GM secures Vale Canada nickel for EVs
Metal Tech News - November 18, 2022
Last updated 11/21/2022 at 12:15pm
Enters deal for battery-grade nickel sulfate to be produced in Canada's new Battery Valley.
In a deal that helps General Motors meet its electric vehicle ambitions and further solidifies Canada as the go-to North American source for low-carbon battery materials, the American automaker has cut a deal for the long-term supply of battery-grade nickel sulfate from a plant Vale Canada Ltd. is building in Quebec's emerging Battery Valley.
"This new agreement with Vale reinforces GM's leadership in building a secure and sustainable North America EV supply chain and will provide GM with significant supply of high-grade nickel sulfate from a low-carbon source," said Doug Parks, executive vice president of global product development, purchasing and supply chain at GM.
Vale already produces low-carbon nickel at its mines and refineries across eastern and central Canada. Now, the mining company is building a facility in Becancour – an area of southeastern Quebec that has been dubbed Battery Valley due to its emergence as a hub for battery materials production – that will produce nickel sulfate needed for the cathodes of lithium-ion batteries.
"The proposed nickel sulfate project would utilize high purity, low-carbon nickel from our Canadian refineries and is a natural extension for the business, offering diversified sales and a fast entry and anchor point into the North American electric vehicle market," said Deshnee Naidoo, the executive vice president of base metals at Vale.
Under the long-term supply agreement between Vale and GM, the Brazil-based mining company will supply the Detroit automaker with 25,000 metric tons of nickel per year in the upgraded form needed for lithium battery cathodes. This is enough nickel sulfate for the Ultium batteries for roughly 350,000 Chevrolet, Cadillac, GMC, and Hummer EVs per year.
All-Canada supply chain
As the second largest nickel mining company in the world, Vale is already well positioned to be a substantial supplier of this metal, which has seen a surge in demand due to its use in lithium-ion batteries.
Vale's Voisey's Bay mine and Long Harbour refinery in Newfoundland and Labrador, Sudbury operations in Ontario, and Thompson mine in Manitoba produce some of the lowest-carbon nickel in the world.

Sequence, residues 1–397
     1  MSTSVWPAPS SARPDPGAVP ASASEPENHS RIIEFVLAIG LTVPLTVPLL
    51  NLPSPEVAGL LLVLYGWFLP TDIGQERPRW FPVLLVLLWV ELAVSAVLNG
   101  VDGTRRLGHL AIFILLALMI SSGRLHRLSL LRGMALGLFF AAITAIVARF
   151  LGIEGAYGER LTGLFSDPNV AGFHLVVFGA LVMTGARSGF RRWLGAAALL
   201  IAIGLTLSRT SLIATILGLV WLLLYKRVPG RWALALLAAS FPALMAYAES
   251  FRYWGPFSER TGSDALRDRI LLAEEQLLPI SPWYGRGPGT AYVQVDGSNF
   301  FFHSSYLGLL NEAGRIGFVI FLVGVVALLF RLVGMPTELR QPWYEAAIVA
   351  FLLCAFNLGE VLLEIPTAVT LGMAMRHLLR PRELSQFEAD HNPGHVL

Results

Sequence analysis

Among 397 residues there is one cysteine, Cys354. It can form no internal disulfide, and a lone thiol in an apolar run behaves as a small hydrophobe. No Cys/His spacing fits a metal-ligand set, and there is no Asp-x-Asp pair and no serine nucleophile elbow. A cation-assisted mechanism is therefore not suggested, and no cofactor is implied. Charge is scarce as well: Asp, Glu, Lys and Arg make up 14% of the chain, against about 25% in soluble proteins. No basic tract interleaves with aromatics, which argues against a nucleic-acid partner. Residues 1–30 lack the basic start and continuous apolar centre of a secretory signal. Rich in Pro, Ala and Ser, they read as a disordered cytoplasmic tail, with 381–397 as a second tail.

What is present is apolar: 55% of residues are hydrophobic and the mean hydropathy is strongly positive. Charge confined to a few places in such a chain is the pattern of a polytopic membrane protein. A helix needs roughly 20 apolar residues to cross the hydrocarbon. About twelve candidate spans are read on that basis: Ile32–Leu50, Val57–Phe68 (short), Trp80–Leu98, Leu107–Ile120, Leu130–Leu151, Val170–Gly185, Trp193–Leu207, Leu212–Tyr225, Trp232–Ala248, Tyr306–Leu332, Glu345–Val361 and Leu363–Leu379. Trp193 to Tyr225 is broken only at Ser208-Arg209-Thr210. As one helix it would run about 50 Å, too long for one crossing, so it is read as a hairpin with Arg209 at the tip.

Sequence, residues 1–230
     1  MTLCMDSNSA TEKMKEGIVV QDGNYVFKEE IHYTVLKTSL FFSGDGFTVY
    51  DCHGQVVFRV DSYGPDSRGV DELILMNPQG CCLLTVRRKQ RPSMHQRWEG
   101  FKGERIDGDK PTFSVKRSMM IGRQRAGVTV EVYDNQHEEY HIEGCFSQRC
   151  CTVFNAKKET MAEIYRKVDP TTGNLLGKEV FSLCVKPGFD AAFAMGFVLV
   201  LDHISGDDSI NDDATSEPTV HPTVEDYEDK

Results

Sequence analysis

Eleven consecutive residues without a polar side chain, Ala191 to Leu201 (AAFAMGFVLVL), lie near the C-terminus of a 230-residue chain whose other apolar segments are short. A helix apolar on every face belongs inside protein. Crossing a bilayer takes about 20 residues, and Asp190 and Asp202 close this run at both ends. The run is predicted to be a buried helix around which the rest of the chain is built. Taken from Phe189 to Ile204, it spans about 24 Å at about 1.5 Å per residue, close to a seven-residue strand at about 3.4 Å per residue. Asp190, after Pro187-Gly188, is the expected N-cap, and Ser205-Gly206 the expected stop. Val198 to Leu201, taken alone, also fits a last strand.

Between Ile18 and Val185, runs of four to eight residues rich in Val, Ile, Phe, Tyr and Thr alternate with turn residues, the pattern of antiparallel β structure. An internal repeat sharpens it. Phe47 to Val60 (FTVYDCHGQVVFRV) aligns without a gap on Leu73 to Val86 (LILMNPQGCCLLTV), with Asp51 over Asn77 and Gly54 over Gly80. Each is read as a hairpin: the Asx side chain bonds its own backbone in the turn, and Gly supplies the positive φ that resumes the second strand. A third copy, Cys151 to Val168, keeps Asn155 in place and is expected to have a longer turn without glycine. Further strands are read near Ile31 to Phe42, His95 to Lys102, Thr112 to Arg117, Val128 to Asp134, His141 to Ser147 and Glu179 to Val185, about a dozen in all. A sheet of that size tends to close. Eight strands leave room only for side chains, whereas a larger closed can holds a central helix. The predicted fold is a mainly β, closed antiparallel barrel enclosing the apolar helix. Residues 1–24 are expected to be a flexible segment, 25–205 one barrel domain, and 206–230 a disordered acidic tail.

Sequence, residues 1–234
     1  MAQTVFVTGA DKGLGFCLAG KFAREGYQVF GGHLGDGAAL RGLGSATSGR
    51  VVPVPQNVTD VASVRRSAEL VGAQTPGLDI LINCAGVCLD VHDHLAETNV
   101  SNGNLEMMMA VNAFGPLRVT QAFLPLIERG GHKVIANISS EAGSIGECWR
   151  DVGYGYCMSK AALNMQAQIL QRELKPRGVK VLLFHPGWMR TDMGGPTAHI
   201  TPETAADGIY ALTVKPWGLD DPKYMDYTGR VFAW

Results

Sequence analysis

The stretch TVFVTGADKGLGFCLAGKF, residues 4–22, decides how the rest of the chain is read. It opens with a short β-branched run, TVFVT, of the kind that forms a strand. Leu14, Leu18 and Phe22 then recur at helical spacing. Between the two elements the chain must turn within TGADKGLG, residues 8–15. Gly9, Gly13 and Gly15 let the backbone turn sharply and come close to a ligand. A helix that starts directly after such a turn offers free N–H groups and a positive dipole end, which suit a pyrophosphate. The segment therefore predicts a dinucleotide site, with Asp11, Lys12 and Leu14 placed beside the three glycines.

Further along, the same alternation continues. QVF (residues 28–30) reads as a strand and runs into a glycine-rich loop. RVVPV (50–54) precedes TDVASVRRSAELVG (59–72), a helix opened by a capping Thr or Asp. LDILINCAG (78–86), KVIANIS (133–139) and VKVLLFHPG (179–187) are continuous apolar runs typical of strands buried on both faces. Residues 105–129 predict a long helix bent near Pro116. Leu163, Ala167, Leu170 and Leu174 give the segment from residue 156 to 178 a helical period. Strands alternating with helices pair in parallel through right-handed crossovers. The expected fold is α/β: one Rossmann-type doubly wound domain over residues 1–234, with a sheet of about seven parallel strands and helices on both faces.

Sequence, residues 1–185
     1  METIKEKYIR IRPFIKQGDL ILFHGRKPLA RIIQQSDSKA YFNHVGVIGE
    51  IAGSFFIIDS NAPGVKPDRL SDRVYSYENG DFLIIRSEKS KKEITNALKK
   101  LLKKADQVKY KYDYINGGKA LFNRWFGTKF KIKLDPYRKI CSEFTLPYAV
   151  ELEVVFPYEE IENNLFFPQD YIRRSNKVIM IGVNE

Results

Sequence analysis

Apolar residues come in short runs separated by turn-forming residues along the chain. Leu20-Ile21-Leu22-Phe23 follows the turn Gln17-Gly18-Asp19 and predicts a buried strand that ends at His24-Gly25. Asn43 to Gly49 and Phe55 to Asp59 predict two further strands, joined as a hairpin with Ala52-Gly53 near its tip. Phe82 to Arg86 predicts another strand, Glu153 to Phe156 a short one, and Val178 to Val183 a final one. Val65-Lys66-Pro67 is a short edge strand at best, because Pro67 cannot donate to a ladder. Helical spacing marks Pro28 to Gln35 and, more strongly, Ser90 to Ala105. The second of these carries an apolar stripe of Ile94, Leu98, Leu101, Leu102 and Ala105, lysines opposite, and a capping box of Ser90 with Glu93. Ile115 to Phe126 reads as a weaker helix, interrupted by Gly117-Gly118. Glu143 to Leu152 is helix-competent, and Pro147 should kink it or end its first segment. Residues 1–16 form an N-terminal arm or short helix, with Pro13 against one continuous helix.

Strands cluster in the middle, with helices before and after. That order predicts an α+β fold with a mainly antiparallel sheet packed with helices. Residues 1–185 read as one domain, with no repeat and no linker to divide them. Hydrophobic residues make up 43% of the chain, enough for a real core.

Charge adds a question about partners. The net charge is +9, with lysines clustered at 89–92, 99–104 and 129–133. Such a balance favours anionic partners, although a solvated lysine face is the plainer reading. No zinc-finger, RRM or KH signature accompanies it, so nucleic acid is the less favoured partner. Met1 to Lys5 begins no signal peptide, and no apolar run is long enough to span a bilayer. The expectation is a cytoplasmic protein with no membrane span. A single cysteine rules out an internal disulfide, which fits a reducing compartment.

An abundance of hydropower being fed into Canada's power grids plays a major role in lowering the carbon footprint of Vale's mines and refineries in this mineral-rich country.
The lowered carbon dioxide emissions from these operations make the nickel Vale is producing in Canada attractive to EV manufacturers.
Earlier this year, Vale confirmed that Tesla had entered into a long-term contract to buy low-carbon nickel from the Brazilian miner's mines and refineries in Canada.
The nickel Vale is producing in Canada is even more attractive for automakers with the plant it is building in Quebec, which will be the first in North America to produce the nickel sulfate needed for lithium-ion batteries.
"The proposed nickel sulfate project would utilize high purity, low-carbon nickel from our Canadian refineries and is a natural extension for the business, offering diversified sales and a fast entry and anchor point into the North American electric vehicle market," said Naidoo.
Vale's Becancour nickel sulfate plant, however, is not expected to be ready for commercial production until 2026. This happens to be good timing for GM, which has already secured enough battery materials to achieve its initial target of producing 1 million EVs per year in North America by 2025.
Battery Valley nickel
The locale of the Vale nickel sulfate plant also happens to be a good fit for GM, which is establishing a major link in its EV materials supply chain in Becancour.
In March, the automaker announced that it is working with POSCO Chemical to develop a roughly $400 million cathode active materials plant in this area of Quebec that is emerging as Canada's Battery Valley.
"With this new processing facility in Bécancour, GM will help lead the EV battery supply chain while also launching Canada's first full EV manufacturing plant in Ingersoll, Ontario, later this year," GM Canada President and Managing Director Scott Bell said in March.
This plant will mix nickel sulfate with lithium, manganese, cobalt, and aluminum products for the cathodes in GM's Ultium batteries.
Vale's move into Battery Valley and deal with GM further solidifies Quebec as a major battery materials hub.
"The signing of this agreement confirms that the biggest players in the industry want to invest here and enter our supply chain," said Quebec Minister of Economy, Innovation and Energy Pierre Fitzgibbon.
And given Canada's abundance of critical minerals and hydropower, America's northern neighbor is becoming an increasingly important supplier of low-carbon materials for EVs.
"It's become even more clear that Canada can be the supplier of choice for the electric cars of the future," said Canada's Minister of Innovation, Science and Industry, François-Philippe Champagne. "By leveraging Canadian critical minerals, we will see more jobs for Canadians, a growing economy and a greener and cleaner future for everyone."